Winter weather can be hard on skin. Wind and wet clothes can be irritating. Cold air causes the humidity to go down. And indoor heating can make the problem of dry air even worse. The result? Normal skin that’s dry, red, itchy, and maybe even cracked or burning, and flareups of skin conditions like psoriasis, seborrhea, or eczema.
Winter can be especially hard on seniors, whose skin cells don’t regenerate as quickly. Women past menopause may find their skin to be generally drier because decreased estrogen causes the skin to have less sebum. And teenagers may notice that the cold weather makes acne worse.
Fortunately, there are some simple things you can do, both externally and internally, to prevent or even heal the problems of “winter skin.” Here are a few tips to get you started.
Drink more water. The recommended “daily allowance” of water is 64 ounces. That’s eight 8-ounce glasses a day. If you keep your body hydrated your skin will reap the benefits.
Use a humidifier. Indoor heating may be useful, but in the winter – especially if you already live in a dry climate – it can make the air even drier. Humidifiers help return needed moisture to the air, and that will make your skin feel better.
Take shorter or less frequent showers, with warm rather than hot water. Hot water will remove natural oils that keep your skin moisturized. So keep the water temperature lower and your shower time to 10 minutes (or less). And if you bathe frequently – for example, twice a day – try to cut back. Some doctors even recommend bathing only every other day in the winter.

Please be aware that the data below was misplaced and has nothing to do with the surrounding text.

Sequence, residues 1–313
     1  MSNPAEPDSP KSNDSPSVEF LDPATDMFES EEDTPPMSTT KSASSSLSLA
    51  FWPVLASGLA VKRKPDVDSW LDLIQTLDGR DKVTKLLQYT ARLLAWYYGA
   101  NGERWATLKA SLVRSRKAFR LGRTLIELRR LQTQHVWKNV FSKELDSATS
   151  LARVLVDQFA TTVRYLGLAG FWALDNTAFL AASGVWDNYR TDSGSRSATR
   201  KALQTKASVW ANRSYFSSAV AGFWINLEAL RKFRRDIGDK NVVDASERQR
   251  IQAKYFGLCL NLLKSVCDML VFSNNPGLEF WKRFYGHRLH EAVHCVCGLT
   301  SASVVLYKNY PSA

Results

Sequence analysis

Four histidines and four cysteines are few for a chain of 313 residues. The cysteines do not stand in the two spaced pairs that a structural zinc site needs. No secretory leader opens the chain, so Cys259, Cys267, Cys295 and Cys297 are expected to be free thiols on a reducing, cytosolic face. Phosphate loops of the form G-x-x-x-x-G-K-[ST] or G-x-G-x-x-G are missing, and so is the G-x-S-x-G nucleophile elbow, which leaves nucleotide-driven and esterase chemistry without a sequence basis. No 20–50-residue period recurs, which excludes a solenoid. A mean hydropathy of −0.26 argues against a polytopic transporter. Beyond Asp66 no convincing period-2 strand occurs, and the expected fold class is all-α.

Avoid soaps with fragrances or those described as antibacterial or deodorant. These soaps can dry and irritate the skin. When in doubt, stay with products made for sensitive skin.
Use a moisturizer after every shower. The thickest moisturizers contain the most oil and are probably the best choice during winter. Plus, thinner ones may contain alcohol, which is very drying. If you’re shopping for moisturizer, check the label; if the list of ingredients includes alcohol, put the bottle back on the shelf and look for something else.
If you wash your hands a lot, for example as part of your job, use a moisturizer after each handwashing.
Prevent skin irritation when you’re outside. Wear gloves to protect your hands. Replace wet clothes with dry ones right away. And apply sunscreen to any skin that will be exposed to the sun.
Take essential fatty acids. These natural fats, which include flax seed, evening primrose, and fish oils, are good for the body in a number of ways, not the least of which is they moisturize from the inside out. You won’t see instant results; like anything taken internally, they’ll need to be distributed throughout the body first. But you will notice a difference – and it won’t just be to one area.
Winter doesn’t have to cause skin problems. With a little foresight and some extra care you can have skin that’s comfortable to be in any time of the year. Try a few of the above suggestions and watch your “winter skin” become a thing of the past.